The government must give the Institute for Apprenticeships (IfA) the independence and clout it needs to reform and regulate the English skills system, according to the Confederation of British Industry (CBI).
According to the first of a 2019 series of CBI apprenticeship reports, a second wave of government action is now needed to ensure apprenticeships lead to high-skilled and high-paid jobs that fit firms’ needs.
The report urges the government to recognise that the IfA is the main body for vocational skills in England, gifting the ability to hold policymakers and the skills sector to account, and speeding up the apprenticeship standards approval process.
Alongside this, with employer levy funds due to start expiring from April 2019, CBI said the government must also set up an appeals system that gives employers longer to spend money where apprenticeship standards remain in development.
John Cope, head of education and skills policy at CBI, said: “This business-backed blueprint needs to be taken seriously to make sure the English skills system supports, rather than frustrates, employers offering a first step to people in their career. This must include giving the Institute for Apprenticeships the independence and clout it needs to create a world-class skills system in England.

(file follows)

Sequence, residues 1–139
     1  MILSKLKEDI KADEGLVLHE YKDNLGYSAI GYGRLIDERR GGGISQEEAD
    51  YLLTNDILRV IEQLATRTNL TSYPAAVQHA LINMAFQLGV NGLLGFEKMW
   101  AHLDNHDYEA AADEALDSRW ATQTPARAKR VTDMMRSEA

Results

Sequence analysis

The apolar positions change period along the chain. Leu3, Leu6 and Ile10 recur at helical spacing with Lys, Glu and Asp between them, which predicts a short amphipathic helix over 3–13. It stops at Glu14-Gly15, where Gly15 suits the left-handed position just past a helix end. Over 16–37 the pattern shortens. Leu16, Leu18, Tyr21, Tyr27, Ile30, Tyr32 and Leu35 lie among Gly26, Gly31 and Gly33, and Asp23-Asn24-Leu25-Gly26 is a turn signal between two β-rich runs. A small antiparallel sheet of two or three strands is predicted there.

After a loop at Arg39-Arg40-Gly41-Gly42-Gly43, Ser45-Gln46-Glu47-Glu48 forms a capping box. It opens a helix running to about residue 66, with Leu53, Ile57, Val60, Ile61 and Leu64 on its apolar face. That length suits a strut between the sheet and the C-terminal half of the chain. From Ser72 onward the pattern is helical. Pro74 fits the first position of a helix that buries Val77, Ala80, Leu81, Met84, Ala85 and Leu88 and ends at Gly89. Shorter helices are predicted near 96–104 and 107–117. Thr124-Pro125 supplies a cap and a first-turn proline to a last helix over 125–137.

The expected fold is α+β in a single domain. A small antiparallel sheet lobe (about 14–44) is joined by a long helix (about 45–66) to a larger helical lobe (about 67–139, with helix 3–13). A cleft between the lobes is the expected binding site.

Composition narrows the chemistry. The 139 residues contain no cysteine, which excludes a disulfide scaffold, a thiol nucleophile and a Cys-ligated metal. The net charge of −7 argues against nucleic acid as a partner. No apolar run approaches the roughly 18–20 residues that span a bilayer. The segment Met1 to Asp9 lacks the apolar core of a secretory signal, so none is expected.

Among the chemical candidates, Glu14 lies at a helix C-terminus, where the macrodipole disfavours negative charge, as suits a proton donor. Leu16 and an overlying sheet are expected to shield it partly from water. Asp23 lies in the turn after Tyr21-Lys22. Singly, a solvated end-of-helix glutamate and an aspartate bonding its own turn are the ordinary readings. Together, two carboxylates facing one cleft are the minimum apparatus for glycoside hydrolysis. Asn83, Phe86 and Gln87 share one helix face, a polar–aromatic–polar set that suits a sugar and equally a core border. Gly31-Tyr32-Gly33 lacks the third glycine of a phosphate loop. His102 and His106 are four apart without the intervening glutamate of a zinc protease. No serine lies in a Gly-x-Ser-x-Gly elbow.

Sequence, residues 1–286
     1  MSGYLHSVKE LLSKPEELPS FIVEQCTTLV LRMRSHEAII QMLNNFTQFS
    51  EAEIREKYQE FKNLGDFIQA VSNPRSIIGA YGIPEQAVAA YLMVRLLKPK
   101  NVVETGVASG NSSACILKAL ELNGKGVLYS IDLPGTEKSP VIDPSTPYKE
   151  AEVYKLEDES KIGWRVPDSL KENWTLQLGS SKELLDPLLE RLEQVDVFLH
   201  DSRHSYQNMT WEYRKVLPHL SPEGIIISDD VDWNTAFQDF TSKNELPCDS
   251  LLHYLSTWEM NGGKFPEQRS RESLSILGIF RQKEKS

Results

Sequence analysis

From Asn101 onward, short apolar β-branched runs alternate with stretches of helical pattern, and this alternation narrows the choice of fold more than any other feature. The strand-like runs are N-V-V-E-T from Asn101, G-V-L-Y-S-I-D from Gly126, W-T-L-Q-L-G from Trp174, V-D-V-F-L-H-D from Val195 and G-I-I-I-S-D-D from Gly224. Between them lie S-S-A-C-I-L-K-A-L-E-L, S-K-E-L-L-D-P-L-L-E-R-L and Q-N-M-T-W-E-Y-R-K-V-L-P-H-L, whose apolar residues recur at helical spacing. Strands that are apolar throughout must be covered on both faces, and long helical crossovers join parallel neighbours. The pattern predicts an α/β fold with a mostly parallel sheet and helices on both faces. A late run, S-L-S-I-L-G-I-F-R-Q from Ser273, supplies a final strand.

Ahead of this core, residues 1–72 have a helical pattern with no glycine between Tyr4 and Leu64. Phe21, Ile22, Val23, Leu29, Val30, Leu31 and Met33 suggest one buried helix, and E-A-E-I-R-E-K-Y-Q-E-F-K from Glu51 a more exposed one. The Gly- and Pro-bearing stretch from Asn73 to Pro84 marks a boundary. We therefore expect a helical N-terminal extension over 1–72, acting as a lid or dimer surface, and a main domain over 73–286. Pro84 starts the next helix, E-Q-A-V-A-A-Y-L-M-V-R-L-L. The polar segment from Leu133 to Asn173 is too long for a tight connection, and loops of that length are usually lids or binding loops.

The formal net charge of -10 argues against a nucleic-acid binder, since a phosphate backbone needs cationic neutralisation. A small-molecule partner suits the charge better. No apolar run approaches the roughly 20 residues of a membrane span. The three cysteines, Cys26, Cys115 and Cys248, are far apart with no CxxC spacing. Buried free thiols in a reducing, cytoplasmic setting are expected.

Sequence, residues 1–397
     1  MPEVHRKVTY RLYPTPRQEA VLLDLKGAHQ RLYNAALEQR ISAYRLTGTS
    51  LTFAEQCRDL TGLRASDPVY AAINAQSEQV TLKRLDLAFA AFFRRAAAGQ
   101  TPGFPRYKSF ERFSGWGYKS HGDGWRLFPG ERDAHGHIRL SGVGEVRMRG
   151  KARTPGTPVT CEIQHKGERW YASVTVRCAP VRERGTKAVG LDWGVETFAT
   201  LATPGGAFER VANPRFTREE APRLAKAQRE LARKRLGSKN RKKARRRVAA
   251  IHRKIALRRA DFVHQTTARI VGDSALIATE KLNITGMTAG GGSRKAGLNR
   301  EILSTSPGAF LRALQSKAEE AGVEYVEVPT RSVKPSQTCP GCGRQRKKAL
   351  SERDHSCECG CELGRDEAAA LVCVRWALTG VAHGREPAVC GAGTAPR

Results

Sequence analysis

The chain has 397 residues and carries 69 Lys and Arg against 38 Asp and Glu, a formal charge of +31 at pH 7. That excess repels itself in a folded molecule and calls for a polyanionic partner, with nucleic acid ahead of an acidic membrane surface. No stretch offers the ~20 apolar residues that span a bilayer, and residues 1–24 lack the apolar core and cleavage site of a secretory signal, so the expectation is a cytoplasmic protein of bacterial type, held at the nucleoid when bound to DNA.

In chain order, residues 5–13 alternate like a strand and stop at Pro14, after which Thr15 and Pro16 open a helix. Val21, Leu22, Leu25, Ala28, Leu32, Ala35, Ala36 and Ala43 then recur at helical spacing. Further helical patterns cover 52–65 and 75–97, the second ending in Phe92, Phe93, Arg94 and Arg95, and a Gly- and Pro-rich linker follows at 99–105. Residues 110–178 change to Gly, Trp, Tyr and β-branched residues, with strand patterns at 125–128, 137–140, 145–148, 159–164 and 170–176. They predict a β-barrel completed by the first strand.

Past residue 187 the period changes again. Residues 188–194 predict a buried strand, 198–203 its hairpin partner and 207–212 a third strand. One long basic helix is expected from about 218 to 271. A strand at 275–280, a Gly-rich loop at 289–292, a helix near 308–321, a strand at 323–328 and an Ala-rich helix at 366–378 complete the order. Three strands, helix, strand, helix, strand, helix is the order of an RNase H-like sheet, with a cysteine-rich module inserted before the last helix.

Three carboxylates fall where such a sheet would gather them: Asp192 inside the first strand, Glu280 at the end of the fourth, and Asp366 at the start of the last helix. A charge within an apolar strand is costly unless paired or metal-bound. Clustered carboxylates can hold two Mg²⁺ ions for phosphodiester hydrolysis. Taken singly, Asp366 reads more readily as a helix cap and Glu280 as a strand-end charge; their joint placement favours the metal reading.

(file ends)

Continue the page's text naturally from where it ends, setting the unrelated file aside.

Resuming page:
“The Government should be given credit for its commitment to skills reform. What’s clear is that both they and businesses understand the need for high-quality apprenticeships in every sector for our economy to flourish.”
A number of organisations in the care sector offer apprenticeship programmes. More than 700 apprentices are currently training with Care UK, for example.
It provides quality training and mentoring to help candidates gain their diploma with the aim of helping them to progress further in their careers.